Whenever a property owner in California "quits" his "claim" to his house it is called a quitclaim deed, which is a legal document utilized to transfer ownership of real property. People often use Quitclaims when gifting property or when adding or taking off a name to your deed. Anybody can draft and complete a quitclaim deed on their own, as it is a very easy process.
1. Get a blank quitclaim deed form. You can go to your county recorder's site to download a quitclaim form or you can pay a visit to a local lawyer's office, office supply shop, or a real estate agent to get a form.
2. Write down the assessor's parcel number (APN) on the form. The number assigned to every real property for tax reasons is the APN, and you can locate this number on your tax bill. Provide the APN to identify the property.
3. List the name of the grantor on the form. The individual transferring ownership of the property is considered the grantor. Make sure you list all of the grantors if there is more than one owner.
4. Calculate the documentary transfer tax. The value of the property is what this tax is based on. So you know what formula to utilize the county recorder's office will help you. Taxes aren't evaluated on the transfer in certain situations. Get a Notice of Exempt Transactions from the recorder's office if the transfer is exempt.
5. Fill in property details, including the city, county and legal property description. The description on the current deed needs to be copied.
6. Write the grantee's name. The individual getting the property is known as the grantee.
7. You must have a notary public present before signing the deed. The only person that signs the quitclaim deed is the grantor.
8. Go to the county recorder's office to file the deed.. Each county has its own recording fees.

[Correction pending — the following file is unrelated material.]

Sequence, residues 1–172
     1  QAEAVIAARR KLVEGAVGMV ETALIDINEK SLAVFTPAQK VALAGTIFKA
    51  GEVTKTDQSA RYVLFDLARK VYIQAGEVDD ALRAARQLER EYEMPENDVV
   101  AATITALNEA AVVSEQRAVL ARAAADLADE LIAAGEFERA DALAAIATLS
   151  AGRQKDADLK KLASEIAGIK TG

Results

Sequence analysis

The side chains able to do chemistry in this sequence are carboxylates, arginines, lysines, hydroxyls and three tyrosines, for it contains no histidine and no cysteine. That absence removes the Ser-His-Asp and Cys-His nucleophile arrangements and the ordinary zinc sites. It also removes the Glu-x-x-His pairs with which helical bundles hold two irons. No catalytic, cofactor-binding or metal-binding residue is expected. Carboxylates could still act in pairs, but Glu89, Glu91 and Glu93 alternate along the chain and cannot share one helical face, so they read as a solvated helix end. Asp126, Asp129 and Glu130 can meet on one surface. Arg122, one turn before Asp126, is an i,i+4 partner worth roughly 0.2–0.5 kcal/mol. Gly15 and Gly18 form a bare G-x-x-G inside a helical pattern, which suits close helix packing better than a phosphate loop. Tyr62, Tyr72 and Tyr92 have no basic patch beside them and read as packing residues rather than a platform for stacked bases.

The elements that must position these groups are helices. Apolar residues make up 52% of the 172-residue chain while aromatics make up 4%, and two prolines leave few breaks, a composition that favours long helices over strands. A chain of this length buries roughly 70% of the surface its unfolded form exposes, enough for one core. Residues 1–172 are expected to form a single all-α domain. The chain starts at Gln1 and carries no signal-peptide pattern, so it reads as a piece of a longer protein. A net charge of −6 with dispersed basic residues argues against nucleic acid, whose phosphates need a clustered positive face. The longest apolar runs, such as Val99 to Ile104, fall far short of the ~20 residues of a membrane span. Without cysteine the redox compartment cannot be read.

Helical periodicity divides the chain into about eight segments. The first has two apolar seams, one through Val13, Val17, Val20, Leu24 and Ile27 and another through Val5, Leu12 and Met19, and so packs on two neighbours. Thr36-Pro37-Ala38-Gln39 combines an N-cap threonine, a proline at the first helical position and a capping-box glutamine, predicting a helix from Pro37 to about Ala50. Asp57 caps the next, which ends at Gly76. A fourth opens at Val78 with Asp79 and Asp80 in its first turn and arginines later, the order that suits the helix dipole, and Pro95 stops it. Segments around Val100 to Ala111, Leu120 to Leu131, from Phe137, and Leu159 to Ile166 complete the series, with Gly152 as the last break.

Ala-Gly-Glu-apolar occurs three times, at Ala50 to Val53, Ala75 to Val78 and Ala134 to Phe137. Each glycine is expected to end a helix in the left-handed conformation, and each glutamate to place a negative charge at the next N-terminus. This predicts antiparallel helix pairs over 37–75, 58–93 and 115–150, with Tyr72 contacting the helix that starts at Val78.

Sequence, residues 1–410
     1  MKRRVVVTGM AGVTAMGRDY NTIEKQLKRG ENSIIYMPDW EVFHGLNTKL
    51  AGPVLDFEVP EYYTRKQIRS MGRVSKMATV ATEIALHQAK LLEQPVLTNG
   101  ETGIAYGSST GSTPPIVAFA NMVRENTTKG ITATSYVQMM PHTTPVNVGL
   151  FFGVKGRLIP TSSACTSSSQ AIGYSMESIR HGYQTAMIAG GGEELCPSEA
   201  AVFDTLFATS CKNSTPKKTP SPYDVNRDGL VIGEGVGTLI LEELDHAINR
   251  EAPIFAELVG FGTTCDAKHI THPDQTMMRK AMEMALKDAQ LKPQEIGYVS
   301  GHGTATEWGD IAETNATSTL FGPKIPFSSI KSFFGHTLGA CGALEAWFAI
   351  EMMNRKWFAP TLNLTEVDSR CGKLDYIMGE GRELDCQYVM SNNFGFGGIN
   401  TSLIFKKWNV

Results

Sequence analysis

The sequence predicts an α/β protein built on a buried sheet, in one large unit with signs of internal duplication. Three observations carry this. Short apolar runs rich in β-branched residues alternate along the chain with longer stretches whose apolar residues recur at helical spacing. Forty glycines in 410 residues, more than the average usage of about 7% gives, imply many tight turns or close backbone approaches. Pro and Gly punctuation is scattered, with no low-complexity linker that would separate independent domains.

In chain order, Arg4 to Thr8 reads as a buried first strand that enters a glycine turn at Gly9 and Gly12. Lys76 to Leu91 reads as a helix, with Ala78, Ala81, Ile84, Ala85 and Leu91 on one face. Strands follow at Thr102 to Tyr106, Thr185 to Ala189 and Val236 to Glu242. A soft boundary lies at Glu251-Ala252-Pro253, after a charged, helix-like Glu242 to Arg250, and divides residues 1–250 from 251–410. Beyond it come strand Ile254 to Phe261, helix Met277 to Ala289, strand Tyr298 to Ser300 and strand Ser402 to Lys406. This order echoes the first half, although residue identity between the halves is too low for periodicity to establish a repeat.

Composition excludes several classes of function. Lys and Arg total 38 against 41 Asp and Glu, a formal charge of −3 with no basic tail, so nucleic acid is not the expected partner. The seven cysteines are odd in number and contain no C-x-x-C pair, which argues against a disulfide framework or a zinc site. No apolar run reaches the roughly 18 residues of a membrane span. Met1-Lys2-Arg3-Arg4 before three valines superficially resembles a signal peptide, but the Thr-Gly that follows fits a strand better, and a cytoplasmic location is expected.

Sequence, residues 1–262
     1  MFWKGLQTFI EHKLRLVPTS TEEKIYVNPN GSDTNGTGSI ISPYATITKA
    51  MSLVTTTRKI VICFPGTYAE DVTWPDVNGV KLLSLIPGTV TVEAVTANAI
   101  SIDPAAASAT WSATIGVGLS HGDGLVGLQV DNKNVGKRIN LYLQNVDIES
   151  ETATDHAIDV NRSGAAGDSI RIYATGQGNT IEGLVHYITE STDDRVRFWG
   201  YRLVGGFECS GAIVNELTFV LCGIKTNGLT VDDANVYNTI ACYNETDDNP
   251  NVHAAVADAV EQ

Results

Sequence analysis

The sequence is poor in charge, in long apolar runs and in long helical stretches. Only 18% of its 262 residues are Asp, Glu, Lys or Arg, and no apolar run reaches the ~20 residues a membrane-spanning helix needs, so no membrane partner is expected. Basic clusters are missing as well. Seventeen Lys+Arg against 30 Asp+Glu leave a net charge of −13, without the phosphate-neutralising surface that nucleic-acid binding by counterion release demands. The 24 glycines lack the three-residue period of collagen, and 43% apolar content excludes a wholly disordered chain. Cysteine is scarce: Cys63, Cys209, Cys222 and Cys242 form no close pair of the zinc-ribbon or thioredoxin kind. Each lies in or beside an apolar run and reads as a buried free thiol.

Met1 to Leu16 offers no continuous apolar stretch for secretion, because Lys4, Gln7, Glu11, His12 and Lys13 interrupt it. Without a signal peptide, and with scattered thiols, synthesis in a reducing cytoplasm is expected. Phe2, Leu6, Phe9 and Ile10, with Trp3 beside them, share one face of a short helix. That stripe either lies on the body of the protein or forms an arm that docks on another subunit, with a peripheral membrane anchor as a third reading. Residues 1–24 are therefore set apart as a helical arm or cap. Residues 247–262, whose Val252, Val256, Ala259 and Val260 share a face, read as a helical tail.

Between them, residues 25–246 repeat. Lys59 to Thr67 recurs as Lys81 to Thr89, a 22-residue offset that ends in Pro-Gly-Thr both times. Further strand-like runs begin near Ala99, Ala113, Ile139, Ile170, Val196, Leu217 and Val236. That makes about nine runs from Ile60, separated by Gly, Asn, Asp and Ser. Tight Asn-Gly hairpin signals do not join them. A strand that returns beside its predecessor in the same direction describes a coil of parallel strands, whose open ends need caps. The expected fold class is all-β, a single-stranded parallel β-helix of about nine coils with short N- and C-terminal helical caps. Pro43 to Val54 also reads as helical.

Is a Quitclaim Deed in California Legitimate if it is Unrecorded?
When it comes to real estate a quitclaim deed documents the surrender of title to a property. If there is any payment for the surrender the deed displays how much was paid, and legally indicates the property that will be exchanging hands. It is pretty much an official record of the transaction, and a notary has to witness signatures to the quitclaim deed in order for everything to be legal. Also, a clerk has to enter the document in the public record.
A quitclaim deed might be utilized to show property as a gift, to surrender property in a divorce, or to re-title a home in the name of a trust. As you can see it is awarded by one party to another, and it documents the amount of funds paid, or consideration provided, by the grantee to the grantor. The property is identified by the deed by providing information such as its map, lot and plot number. In order to prove the transaction happened the grantee utilizes the quitclaim, and the grantor signs the quitclaim deed and gets the signature notarized.
Even though the quitclaim deed is considered a legal document when it is signed, the grantee has to also get the deed documented with the county clerk or anybody that has the authority to record deeds and property transfers. Letting the public authorities and the public know that the transaction has happened is the purpose recording serves. One of the most important steps in the procedure is preventing the grantee from assuming legal title to the property until a quitclaim deed is recorded.}
Taxes and Fees
Recording the payment of document and transfer costs charged by county and state officials is what a quitclaim deed has to do. Not all real estate transactions within California have to pay transfer taxes. The quitclaim deed, properly signed and recorded, also serves to identify the proper party for payment of property taxes.
In addition, the filing of a Preliminary Change of Ownership Report with the recording of a quitclaim deed is necessary in California. What this does is give the grantee a chance to claim an exemption from re-assessment of the property, which is often needed on any transfer under California law. Keep in mind that a quitclaim deed doesn't relieve a grantor of any responsibility to a mortgage lender or any other lien holder, and it is only able to transfer or surrender the interest of a single person.